Putin discusses Syria ceasefire with world leaders by phone
Vladimir Putin and Bashar Assad held a phone conversation on Wednesday and “discussed various aspects of the Syrian crisis in the light of realization of the Russian-American declaration on cessation of hostilities in Syria beginning February 27,” the Kremlin’s press service said in a statement.
Assad told Putin that his government was ready to help implement a cessation of hostilities. The two leaders also stressed the need to continue fighting Islamic State and the Al-Qaeda-linked Al-Nusra Front, as well as "other terrorist groups," according to the official Twitter account of the Syrian president.
A ceasefire in Syria was announced Monday by the Russian and US presidents aimed at seeking an armistice in the country, which has been devastated by a five-year-long civil war.
The plan implies that the warring sides are obliged to fulfill declared ceasefire obligations. Russia and the US come as guarantors of the deal, assuming a commitment to assert influence on those political forces in Syria they have close ties with, notably Moscow on President Bashar Assad’s government and Washington on the Syrian rebel groups.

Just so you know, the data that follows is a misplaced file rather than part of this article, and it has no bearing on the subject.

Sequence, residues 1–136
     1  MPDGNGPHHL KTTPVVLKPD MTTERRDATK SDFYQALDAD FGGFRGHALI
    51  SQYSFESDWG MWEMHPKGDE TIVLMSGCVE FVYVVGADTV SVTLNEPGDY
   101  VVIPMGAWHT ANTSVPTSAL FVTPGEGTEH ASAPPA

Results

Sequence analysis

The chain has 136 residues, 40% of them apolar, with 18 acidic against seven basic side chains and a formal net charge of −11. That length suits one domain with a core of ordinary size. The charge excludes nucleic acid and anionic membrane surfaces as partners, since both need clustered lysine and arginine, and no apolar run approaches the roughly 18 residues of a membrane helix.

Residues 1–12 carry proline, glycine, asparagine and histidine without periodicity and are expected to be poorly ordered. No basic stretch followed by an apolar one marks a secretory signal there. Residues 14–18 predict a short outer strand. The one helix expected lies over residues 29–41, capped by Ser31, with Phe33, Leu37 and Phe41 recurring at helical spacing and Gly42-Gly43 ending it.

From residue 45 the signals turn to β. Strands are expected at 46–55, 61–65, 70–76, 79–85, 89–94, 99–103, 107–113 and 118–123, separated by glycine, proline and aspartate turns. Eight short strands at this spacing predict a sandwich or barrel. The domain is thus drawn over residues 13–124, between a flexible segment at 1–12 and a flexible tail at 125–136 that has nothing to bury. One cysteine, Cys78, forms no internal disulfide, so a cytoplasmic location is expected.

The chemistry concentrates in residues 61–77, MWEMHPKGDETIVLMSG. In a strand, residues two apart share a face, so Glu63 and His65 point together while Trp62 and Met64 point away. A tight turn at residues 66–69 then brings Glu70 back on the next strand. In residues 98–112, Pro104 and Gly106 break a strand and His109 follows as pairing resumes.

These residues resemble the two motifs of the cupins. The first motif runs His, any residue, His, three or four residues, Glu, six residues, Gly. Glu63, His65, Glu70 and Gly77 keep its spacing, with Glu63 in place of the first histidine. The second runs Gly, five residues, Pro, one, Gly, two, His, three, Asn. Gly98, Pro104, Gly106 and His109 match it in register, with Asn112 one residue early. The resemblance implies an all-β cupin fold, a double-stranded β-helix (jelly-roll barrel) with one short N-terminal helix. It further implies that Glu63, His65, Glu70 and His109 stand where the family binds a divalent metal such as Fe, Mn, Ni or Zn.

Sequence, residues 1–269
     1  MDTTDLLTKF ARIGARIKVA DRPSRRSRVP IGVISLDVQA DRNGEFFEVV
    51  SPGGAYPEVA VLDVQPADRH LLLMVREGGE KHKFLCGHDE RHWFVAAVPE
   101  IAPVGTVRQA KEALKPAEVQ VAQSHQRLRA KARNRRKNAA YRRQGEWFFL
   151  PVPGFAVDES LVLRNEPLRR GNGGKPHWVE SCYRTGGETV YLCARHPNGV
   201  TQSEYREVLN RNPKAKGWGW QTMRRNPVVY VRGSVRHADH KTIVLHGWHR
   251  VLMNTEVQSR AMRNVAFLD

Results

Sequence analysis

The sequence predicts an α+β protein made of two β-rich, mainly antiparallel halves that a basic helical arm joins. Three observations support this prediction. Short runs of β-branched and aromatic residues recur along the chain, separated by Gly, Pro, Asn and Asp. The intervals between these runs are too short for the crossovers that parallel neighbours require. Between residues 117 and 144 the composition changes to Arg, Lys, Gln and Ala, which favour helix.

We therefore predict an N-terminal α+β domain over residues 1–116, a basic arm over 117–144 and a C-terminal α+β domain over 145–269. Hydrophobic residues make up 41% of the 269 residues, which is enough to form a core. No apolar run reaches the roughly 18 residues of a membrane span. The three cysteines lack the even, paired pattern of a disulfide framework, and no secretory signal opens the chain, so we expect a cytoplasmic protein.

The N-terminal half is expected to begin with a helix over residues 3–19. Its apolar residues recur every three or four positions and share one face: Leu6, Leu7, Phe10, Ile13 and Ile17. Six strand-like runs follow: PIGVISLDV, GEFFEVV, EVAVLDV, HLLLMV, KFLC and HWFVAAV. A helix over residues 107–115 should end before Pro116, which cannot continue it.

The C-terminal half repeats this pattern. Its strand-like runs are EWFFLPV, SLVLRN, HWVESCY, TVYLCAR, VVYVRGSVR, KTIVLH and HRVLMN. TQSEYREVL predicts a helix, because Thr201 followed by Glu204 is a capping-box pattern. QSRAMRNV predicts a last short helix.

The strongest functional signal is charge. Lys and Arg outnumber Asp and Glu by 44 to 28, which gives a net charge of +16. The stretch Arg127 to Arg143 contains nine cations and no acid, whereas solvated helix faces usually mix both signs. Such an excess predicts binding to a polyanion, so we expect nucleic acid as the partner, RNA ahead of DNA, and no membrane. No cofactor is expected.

The Syrian leader confirmed his readiness to promote the ceasefire.
Both presidents stressed the importance of the continuation of an “uncompromising” fight against Islamic State, Jabhat al-Nusra and other terrorist organizations blacklisted by the UN Security Council.
“ISIS, Jabhat Al-Nursa, and other terrorist organizations designated by the United Nations Security Council, are excluded from the cessation of hostilities. Strikes against them will continue,” Vladimir Putin stressed in a statement on Monday.
The main objective of the Syrian truce is “to stop the bloodshed and create the ground to move to a political settlement,” Kremlin spokesman Dmitry Peskov said Wednesday.
While Moscow and Damascus remain in constant contact with each other, and share common ground on the political settlement in Syria, their positions do not coincide completely, Peskov noted.
“Certainly there are differences,” Peskov said.
Moscow and Washington are going to use their influence to bring the sides of the conflict closer to a settlement.
“Bashar Assad remains the only legitimate president of Syria. It goes without saying that he has his own views regarding the different modalities of the Syrian peace settlement,” Peskov said.
The positions of the sides involved differ greatly, noted the Kremlin spokesman, adding that “extremely delicate work lies ahead.” Yet despite all the differences, if political will is applied, Moscow and Washington can reach “important results” – as in the case of Syrian chemical weapons – the presidential spokesman said.
Vladimir Putin has also held phone talks with Saudi King Salman bin Abdulaziz Al Saud, clarifying in detail the essence of the Syrian peace truce statement of Moscow and Washington.
The Saudi monarch welcomed the agreements and “expressed readiness to cooperate with Russia to implement them,” Kremlin said.
On Wednesday, Putin also held phone talks with Iranian President Hassan Rouhani and Israeli PM Benjamin Netanyahu.